This looks like it will be a difficult question to answer in general, but here's the answers for $m \in \{2,3\}$. Let N(m,n) be the number of m by n (0,1)-matrices without a 2 by 2 all-1 submatrix.

Let A=00 B=01 C=10 D=11. Then any n by 2 (0,1)-matrix counted by N(2,n) is equivalent to a word of length n on the alphabet {A,B,C,D} without two D's. Hence \[N(2,n)=n \cdot 3^{n-1}+3^n.\] The first term counts when there is a D in the word, the other term counts without any D's. See: http://www.oeis.org/A006234

Now let A=000 B=001 C=010 D=011 E=100 F=101 G=110 H=111. Then any (0,1)-matrix counted by N(2,n) is equivalent to a word of length n without (a) two D's (b) two F's (c) two G's (d) two H's or (e) an H and one of D, F or G. Hence \[N(3,n)=n \cdot 4^{n-1}+\sum_{i=0}^{3} {3 \choose i} (n)_i 4^{n-i}\] where $(n)_i=n(n-1)\cdots(n-i+1)$. The first term is the number of words containing H. The sum counts the terms without any H: First we choose i of D, F or G, and place them in the word. The remaning letters must be A, B, C or E.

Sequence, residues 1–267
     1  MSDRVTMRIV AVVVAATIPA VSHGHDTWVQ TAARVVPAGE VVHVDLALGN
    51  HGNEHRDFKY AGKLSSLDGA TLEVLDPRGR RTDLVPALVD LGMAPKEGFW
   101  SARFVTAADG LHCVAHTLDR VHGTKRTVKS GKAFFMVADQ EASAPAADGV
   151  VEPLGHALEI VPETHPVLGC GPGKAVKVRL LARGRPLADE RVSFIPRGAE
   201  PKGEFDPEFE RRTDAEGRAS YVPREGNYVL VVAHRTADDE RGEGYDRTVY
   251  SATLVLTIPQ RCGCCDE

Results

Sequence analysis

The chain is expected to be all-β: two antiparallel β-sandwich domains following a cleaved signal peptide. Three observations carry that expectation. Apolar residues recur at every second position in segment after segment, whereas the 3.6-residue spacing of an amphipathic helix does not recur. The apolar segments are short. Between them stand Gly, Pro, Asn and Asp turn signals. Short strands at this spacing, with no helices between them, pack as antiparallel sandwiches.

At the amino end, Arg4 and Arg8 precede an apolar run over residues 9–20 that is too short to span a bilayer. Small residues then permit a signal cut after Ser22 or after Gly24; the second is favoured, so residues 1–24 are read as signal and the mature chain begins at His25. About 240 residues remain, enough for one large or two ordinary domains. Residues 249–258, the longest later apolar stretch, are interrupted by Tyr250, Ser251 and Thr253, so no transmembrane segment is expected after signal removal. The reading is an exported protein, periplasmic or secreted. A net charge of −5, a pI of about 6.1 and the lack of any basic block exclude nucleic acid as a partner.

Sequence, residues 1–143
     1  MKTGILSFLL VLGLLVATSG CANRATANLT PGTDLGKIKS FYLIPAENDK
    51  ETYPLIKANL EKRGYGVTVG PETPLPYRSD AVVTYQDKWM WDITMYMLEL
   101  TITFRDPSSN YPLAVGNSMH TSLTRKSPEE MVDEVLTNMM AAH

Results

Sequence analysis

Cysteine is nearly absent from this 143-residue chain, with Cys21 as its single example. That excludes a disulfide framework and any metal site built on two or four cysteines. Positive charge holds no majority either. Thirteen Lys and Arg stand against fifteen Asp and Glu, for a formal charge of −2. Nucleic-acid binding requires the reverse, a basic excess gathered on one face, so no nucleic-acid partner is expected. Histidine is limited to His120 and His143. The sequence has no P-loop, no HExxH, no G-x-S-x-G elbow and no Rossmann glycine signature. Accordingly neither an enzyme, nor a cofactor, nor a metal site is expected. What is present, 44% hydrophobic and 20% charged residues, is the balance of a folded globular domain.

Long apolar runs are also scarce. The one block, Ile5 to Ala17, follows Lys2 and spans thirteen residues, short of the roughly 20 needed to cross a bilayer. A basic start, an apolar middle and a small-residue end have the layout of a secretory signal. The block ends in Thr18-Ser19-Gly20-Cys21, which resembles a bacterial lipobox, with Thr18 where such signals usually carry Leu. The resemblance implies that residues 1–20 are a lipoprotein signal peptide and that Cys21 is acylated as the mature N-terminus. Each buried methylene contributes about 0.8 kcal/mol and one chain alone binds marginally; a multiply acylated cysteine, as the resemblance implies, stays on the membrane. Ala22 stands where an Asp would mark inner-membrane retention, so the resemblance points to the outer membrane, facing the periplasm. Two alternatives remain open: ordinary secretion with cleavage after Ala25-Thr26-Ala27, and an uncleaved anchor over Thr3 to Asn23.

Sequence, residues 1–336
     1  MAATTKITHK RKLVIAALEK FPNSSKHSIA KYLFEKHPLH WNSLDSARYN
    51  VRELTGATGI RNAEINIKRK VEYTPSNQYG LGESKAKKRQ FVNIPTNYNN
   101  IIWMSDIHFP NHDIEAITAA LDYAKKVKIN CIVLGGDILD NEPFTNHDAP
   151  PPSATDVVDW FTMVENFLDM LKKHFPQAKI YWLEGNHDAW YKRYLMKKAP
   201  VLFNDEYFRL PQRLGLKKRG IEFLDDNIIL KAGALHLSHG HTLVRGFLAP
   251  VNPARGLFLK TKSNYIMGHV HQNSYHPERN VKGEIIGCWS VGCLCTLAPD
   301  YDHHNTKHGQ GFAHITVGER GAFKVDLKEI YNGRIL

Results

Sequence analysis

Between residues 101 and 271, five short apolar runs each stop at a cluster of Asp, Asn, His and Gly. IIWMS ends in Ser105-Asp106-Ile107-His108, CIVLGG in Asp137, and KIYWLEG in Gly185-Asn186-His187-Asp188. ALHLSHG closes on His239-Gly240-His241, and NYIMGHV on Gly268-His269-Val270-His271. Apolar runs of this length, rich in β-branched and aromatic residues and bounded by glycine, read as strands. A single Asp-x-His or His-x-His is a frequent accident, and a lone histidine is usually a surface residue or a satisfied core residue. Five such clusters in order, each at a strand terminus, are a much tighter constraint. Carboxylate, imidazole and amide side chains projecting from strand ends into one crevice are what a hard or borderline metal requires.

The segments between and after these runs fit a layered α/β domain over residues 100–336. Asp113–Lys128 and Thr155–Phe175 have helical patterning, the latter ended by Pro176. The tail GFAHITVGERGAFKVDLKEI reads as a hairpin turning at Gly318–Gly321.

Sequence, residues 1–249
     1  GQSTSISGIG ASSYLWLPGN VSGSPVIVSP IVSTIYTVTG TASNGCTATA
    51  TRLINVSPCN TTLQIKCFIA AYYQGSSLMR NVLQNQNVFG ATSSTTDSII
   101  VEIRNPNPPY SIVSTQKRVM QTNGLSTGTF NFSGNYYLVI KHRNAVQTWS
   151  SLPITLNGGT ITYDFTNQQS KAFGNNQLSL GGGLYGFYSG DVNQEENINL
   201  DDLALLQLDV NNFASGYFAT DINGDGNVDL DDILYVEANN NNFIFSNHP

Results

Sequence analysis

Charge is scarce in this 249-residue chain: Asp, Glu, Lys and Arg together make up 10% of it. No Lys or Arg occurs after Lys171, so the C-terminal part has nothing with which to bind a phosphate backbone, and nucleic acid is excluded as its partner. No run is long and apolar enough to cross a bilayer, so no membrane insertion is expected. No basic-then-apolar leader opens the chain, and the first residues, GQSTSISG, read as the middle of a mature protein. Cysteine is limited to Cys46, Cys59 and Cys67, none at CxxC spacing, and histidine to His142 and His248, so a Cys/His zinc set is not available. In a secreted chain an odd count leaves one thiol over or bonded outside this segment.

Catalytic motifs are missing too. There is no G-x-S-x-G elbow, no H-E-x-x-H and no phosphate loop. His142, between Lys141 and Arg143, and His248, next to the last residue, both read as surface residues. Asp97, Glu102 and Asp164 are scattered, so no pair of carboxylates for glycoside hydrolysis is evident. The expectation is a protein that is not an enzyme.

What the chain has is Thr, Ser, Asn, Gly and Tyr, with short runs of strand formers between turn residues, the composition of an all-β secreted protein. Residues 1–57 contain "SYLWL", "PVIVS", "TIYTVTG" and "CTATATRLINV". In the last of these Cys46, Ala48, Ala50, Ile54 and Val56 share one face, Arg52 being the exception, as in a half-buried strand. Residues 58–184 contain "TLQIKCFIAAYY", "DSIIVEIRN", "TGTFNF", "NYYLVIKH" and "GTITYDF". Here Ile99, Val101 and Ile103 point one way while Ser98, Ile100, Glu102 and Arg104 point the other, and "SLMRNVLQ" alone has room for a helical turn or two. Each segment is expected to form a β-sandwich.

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    $\begingroup$ Note that there can be at most (m choose 2) columns with two or more ones, and the remaining columns must have fewer than two ones. Further if one column has j ones, then that limits the number of other columns with two or more ones to (m choose 2) minus (j choose 2). So the answer will be a sum of powers of (m+1). If n > (m choose 2), then the answer will be a multiple of a power of (m+1). Gerhard "Ask Me About System Design" Paseman, 2010.07.02 $\endgroup$ – Gerhard Paseman Jul 3 '10 at 5:40